There is a good deal of confusion surrounding et al., as is commonly the case with abbreviated Latin words (such as "ibid.," "etc.," and "i.e.").

Et al. comes from the Latin phrase ("et aliī") meaning “and others.” It is usually styled with a period, but you will occasionally see et al as well.

Et al. typically stands in for two or more names, especially in bibliographical information. It's preceded by a comma only when more than one name is listed (as in cases in which two or more texts are authored by the same person or by people with the same surname):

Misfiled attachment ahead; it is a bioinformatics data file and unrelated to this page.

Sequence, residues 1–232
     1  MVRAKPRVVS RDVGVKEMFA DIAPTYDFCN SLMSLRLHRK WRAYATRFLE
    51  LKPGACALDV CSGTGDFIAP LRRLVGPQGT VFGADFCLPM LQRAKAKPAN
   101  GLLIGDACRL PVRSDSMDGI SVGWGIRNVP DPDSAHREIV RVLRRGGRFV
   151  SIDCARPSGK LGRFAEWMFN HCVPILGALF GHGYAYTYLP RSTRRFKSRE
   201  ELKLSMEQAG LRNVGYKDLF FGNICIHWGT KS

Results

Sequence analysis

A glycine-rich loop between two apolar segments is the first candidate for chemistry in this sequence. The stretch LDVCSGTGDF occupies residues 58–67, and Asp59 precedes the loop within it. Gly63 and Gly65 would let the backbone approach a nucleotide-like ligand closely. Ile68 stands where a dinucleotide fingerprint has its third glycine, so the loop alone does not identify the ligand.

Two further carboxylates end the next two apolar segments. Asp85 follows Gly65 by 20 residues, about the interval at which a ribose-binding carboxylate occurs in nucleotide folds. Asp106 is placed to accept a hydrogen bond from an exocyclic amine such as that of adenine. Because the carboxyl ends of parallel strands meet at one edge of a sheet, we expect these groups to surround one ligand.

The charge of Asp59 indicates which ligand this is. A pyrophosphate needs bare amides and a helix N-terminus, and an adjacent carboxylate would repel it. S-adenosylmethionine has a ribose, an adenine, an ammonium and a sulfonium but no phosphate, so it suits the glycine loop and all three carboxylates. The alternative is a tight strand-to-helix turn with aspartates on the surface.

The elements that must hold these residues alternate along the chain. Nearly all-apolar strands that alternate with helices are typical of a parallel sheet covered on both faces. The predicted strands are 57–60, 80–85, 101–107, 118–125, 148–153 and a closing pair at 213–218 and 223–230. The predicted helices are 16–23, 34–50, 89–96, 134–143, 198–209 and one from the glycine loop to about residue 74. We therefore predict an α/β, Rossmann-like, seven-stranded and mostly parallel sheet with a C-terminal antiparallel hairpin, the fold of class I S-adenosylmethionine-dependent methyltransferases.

The book by Carson et al. is regarded as the authoritative text on the topic.

The article by Jones, Perez, et al. is well-known, but the one by Jones, Lee, et al. has been more widely cited.

Et al. is most commonly found in scholarly writing, especially when used to avoid having to list a number of different authors in a bibliography or footnote. You can use it when describing the people who came to a dinner party, but it may sound rather odd. Some of the Latin abbreviations found in English have become well-suited to conversational usage (we often hear i.e. used in speech), while others appear out of place. For instance, few people would say "ibid." (which means "in the same place") in response to the question "where are my hat and gloves?"

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